By Brennan Stoelb, Animal Care Specialist
Springtime is here. I know this not only because the trees are in bloom, but also because my house is covered with a thin layer of dog fur. As a matter of fact, after I typed that last sentence, I proceeded to pet my husky Winnie who was wet from the rain and my hand is now covered in a layer of fur.
If you have been to the sanctuary in the winter months you could be fooled into thinking that wolves weigh 150 pounds or more, based purely on their perceived girth. The reality is that wolves are so well insulated that their bulkiness in winter is just fur! A wolf’s coat is comprised of two different types of fur; a soft undercoat and coarser outer coat with longer guard hairs. The longest fur is on the back by the shoulders, often referred to as a “cape.”
Wolves also have more fur in their ears than dogs to help protect the inner ear from the
elements. When wolves are in extreme cold temperatures, say -30 degrees, their undercoat keeps them warm and you will often find them curled up in a ball with their noses tucked under their tails, like this husky.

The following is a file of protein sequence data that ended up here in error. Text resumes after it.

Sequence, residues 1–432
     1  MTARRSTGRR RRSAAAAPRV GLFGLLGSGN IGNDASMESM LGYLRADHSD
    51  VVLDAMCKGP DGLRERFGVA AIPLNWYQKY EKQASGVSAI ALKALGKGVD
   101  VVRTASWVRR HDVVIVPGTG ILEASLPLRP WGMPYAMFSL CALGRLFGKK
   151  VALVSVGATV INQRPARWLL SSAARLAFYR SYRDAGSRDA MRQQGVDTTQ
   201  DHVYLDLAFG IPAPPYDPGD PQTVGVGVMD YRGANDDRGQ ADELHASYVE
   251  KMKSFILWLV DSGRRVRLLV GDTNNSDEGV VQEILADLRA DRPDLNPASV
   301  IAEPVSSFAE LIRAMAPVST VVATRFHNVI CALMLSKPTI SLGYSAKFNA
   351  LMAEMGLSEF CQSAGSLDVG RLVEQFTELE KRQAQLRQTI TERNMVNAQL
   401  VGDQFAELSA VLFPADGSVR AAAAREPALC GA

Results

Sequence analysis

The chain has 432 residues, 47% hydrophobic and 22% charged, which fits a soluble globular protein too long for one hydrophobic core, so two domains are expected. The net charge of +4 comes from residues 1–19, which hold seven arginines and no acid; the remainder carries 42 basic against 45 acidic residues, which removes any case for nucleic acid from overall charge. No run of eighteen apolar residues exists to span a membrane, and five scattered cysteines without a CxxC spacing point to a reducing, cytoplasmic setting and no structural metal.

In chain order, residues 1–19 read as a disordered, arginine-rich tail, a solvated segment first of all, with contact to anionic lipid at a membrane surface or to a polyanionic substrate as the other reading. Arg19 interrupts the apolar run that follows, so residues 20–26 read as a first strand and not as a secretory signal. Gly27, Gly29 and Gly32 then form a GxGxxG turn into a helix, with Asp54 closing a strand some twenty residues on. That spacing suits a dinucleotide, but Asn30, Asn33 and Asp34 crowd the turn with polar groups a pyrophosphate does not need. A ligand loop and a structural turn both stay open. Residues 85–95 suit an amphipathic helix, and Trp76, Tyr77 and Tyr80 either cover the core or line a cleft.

So with their size in winter attributed to their fur, we can assume that the rest of the year they appear smaller.This true, but not for the reasons you may think. It makes sense to have more fur when it’s cold and less when it’s hot, but temperature isn’t the reason for the fur loss. Wolves, like all mammals, are photoperiodic- meaning that their endocrine cycles are regulated by the amount of daylight hours. In the spring as daylight hours increase, melatonin mediated changes cause prolactin levels to rise in both male and female wolves.
Prolactin is a hormone that triggers maternal and paternal behavior in wolves, among other species, such as denning, lactation, and shedding. The peak levels of prolactin coincide with the onset of summer and decrease throughout the rest of the year.Right now, the wolves are starting to look a little ragged, with clumps of fur hanging off of them.
You may even see a fence line or two that looks like it’s growing some fur. If you come and visit us this summer, just don’t be surprised if the wolves look smaller than the last time you were in the winter and be thankful that the hair isn’t on your furniture!